Shohei Ohtani to the Rangers? Why Texas is an intriguing fit

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Editor’s note: Each week until Shohei Ohtani signs a new deal, Ben Verlander will take a look at a team connected to the game-changing free agent and examine Ohtani’s fit.

The biggest reason Shohei Ohtani to the Texas Rangers makes sense is the most obvious one: As we have heard over and over, he wants to win, and nobody exemplifies “winner” right now more than the World Series champions. Multiple reports have identified the Rangers as not only a team with interest in Ohtani, but also one he has interest in. 

Again, it makes perfect sense. Ohtani just watched from afar as the Rangers went on a historic playoff run and raised the World Series trophy, and that’s what he wants. He wants to be part of a winner.

Texas also has a strong core in place for the foreseeable future. The Rangers’ stars in the middle infield, Marcus Semien and World Series MVP Corey Seager, are still in the opening years of the long-term contracts they signed before the 2022 season. 

And while those two in particular are major reasons Texas currently has the fifth-highest payroll in baseball, per Spotrac, the club still has plenty of money to spend. The Rangers are nearly $50 million below the luxury tax threshold for 2024, with an ownership group willing to spend it. They can afford Ohtani.

Next, Ohtani fits the Rangers well both in the short and long term. Texas is currently without an entrenched designated hitter as Mitch Garver is also a free agent. Putting Ohtani in this lineup would be downright frightening. We all saw how dangerous the Rangers’ bats are in October. Now, imagine adding the lefty slugger to a batting order with Seager, Semien, Adolis García, Evan Carter, Jonah Heim and so on. It’s already a World Series-winning bunch, even without the potential inclusion of the hitter who led the majors in OPS and the American League in homers.

The long term also projects well in Texas. Postseason star Carter has not even exhausted his rookie eligibility yet after a historic October and is only 21 years old. The only uncertainty with this roster pertains to the starting rotation — which Ohtani can help address. Max Scherzer is under contract for only one more year, and while he is a future first ballot Hall of Famer, the longtime ace is 39 years old and starting to show real wear and tear.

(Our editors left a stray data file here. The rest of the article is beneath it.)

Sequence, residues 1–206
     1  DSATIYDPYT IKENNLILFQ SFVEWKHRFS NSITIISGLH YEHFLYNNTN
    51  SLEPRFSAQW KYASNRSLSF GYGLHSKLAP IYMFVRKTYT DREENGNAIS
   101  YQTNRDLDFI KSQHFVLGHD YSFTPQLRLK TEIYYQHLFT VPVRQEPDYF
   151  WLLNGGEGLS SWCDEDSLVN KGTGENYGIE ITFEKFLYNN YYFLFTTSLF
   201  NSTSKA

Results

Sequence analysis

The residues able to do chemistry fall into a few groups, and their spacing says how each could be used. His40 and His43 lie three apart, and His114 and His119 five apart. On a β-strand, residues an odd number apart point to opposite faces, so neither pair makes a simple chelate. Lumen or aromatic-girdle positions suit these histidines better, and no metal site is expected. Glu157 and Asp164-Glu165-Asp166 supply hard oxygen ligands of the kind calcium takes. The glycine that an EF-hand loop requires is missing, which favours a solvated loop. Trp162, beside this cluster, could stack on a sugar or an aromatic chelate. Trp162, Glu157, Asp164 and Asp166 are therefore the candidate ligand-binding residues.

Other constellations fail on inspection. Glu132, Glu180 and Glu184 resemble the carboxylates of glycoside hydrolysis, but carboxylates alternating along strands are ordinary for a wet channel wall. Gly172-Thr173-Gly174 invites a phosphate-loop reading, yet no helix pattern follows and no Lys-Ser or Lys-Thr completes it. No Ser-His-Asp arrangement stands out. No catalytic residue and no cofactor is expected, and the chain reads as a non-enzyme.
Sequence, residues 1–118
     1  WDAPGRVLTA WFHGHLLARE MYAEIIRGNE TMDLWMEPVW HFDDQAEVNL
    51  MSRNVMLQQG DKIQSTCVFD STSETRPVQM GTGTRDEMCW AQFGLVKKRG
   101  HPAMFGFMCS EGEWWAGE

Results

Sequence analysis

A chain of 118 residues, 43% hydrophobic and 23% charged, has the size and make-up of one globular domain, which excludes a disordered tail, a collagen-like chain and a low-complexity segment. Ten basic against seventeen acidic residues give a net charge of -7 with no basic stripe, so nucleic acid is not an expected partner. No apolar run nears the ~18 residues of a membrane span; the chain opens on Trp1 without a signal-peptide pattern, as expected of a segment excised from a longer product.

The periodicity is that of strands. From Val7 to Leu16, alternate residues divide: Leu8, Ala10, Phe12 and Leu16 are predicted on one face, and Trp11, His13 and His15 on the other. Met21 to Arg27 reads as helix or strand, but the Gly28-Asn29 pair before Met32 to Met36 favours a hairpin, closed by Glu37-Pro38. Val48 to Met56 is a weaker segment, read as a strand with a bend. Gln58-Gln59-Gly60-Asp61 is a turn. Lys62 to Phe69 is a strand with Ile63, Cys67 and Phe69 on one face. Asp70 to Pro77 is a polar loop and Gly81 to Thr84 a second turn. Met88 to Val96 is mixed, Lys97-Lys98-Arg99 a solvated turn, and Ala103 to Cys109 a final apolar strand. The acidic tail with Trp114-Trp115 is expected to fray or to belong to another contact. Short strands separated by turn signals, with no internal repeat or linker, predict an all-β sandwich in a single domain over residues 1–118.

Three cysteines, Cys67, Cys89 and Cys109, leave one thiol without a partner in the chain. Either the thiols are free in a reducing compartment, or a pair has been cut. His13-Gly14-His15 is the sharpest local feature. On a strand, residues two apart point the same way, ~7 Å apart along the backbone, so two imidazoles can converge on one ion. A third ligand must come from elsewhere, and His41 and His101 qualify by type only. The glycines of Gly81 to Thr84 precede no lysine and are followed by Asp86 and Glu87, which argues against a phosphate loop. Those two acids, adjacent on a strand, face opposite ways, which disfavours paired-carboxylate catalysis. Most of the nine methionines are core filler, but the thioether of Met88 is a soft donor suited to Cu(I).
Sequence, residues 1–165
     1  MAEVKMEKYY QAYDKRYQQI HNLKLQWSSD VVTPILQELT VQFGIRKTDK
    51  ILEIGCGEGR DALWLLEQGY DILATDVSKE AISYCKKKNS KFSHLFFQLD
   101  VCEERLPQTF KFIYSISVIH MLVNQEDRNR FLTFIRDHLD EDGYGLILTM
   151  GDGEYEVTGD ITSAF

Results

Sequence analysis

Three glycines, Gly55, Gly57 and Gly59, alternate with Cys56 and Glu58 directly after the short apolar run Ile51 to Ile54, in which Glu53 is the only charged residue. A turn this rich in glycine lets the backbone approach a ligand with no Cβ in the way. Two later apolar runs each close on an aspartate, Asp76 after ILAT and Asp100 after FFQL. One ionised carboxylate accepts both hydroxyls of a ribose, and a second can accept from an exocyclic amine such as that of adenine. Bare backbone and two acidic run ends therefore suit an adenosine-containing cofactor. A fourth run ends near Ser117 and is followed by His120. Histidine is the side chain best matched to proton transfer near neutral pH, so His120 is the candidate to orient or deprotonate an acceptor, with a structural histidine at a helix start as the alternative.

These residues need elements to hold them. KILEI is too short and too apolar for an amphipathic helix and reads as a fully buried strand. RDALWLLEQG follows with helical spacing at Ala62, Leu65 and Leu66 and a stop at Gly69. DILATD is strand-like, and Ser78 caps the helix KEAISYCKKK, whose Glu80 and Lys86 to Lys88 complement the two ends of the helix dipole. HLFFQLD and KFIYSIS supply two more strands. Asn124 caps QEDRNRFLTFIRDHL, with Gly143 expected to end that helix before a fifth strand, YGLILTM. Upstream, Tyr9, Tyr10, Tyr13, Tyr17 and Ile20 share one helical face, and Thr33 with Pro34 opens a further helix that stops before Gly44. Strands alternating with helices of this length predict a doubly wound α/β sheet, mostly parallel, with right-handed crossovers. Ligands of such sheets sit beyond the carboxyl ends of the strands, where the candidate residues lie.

Ohtani faces some uncertainty of his own in coming back to the mound, of course, but would be a welcome addition to any staff once he’s healthy enough to pitch again in 2025. Eventually, the Rangers could be looking at a rotation led by Jacob deGrom and Ohtani. That duo combined with that lineup would set the Rangers up to win many more trophies in the future.

Could Shohei Ohtani end up signing with the Rangers?

Could Shohei Ohtani end up signing with the Rangers?

Now, in my heart of hearts, I don’t see Ohtani actually putting down roots in Texas. The Rangers still have to address their rotation in the short term, as deGrom continues to recover from his second Tommy John surgery and Jordan Montgomery is on the open market. Ohtani’s contract would likely put the Rangers near the luxury tax threshold without them having addressed those holes in the pitching staff.

I don’t know for certain whether Ohtani sees the Dallas-Fort Worth metroplex as a place he could settle down; it’s hard for me to envision that being a major appeal to him. But, again, I do believe winning matters to him this time around much more than location did in his first foray with free agency.

And if he wants to win, where better to try to do so than with the defending champs?

Ben Verlander is an MLB Analyst for FOX Sports and the host of the “Flippin’ Bats” podcast. Born and raised in Richmond, Virginia, Verlander was an All-American at Old Dominion University before he joined his brother, Justin, in Detroit as a 14th-round pick of the Tigers in 2013. He spent five years in the Tigers organization. Follow him on Twitter @BenVerlander.


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